Latin house is an electronic dance music genre that blends house with Latin American music. Styles explored from the latter include Bossa Nova, Samba, Rumba, Beguine, Mambo, Merengue, Tango, and Reggaeton.

Latin rhythms and percussion elements were part of the fabric of house music from the outset. This, is thanks to the disco recordings that served as the foundation for the creation of house. In fact, influential African American artists and producers like Norman Whitfield, Marvin Gaye, and Stevie Wonder were all introducing musical language from the Latin tradition in the early 1970s, prior to disco. This language includes cowbells, shakers, bongoes, and so on, which added polyrhythms to the music.

The Latin Freestyle genre was another Latin element in the pre-house early 80s. Shannon’s “Let The Music Play” or Lisa Lisa & Cult Jam’s “I Wonder If I Take You Home,” defined it. This style has been described as the soulful side of electro. It includes melodies and vocalists paired with Latin-inspired electronic beats and bass. It was a big deal in New York in the mid-’80s, with musicians like The Cover Girls, The Latin Rascals, Denise Lopez, and Judy Torres. They produced recordings with futuristic drum programming a la Afrika Bambaataa’s “Planet Rock,” but with soulful vocals.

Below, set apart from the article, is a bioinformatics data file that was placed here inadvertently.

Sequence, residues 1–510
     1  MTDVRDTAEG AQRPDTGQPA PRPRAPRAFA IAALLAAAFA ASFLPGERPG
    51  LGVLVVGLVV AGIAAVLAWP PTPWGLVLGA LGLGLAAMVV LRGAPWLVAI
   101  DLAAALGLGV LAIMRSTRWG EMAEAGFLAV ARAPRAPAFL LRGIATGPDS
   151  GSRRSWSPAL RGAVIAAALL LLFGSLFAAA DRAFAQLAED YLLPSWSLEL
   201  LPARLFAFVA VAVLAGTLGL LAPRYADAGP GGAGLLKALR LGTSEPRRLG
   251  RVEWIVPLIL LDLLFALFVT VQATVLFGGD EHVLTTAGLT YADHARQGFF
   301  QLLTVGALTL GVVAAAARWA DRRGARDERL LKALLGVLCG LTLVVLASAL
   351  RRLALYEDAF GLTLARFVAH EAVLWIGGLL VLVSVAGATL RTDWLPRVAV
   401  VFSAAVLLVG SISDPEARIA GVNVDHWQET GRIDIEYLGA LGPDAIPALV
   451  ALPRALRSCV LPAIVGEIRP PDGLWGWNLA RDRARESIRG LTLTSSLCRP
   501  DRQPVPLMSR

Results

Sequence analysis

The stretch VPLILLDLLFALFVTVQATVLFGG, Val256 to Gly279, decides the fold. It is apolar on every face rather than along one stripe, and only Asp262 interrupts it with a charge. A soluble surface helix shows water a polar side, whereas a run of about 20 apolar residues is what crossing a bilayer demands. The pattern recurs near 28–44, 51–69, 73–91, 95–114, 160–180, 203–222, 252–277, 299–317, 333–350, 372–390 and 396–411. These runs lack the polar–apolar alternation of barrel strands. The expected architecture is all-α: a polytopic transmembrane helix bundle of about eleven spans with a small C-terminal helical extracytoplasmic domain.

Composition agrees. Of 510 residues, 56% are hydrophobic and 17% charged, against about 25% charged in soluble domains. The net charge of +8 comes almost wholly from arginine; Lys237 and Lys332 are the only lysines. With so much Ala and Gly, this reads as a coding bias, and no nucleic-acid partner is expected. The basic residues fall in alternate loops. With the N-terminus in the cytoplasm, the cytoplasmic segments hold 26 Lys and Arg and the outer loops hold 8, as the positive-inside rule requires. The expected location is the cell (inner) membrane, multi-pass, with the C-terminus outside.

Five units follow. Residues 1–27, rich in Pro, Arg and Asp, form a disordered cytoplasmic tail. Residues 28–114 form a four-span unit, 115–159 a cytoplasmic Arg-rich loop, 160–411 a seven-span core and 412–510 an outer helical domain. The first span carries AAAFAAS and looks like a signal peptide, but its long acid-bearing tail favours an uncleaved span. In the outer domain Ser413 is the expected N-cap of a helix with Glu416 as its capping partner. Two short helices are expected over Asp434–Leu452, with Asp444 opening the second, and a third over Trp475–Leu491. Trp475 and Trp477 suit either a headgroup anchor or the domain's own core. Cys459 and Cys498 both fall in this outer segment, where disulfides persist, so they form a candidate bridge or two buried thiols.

The golden period of Latin house

The early to mid-1990s were a golden period for Latin house music. Artists such as Armand Van Helden, Antonio Ocasio, Louie “Lou” Gorbea, Davidson Ospina, Frankie Feliciano, Norty Cotto, Louie Balo, Erick Morillo, and Danny & Victor Vargas flourished in this genre. Also, labels such as Cutting Records, Strictly Rhythm, Tribal Winds, Nervous Records, Aquaboogie, Eightball, and Digital Dungeon produced a continuous stream of outstanding Latin-inspired house music.

MAW began its era-defining Nuyorican Soul project in 1996. It introduced Latin music to the mainstream with an album frequently cited as one of house music’s best moments. According to Doug Gomez, “That album and following releases elevated house music to new heights”.

By the late 1990s and early 2000s, dance music had fragmented as genres such as Drum & Bass, UK Garage, Electroclash, Minimal Techno, and Dubstep splintered off. This took the spotlight away from Latin house.

Latin house’s percussive sound is derived from traditional African and South American indigenous music. It has a structure and tempo similar to deep house’s. The style makes considerable use of bongos, shakers, cowbells, and a variety of other percussion instruments. It has minimal swells and brief drops, and its rhythm sits at a very danceable 120 bpm. Funky horns and harmonious vocals also characterize it.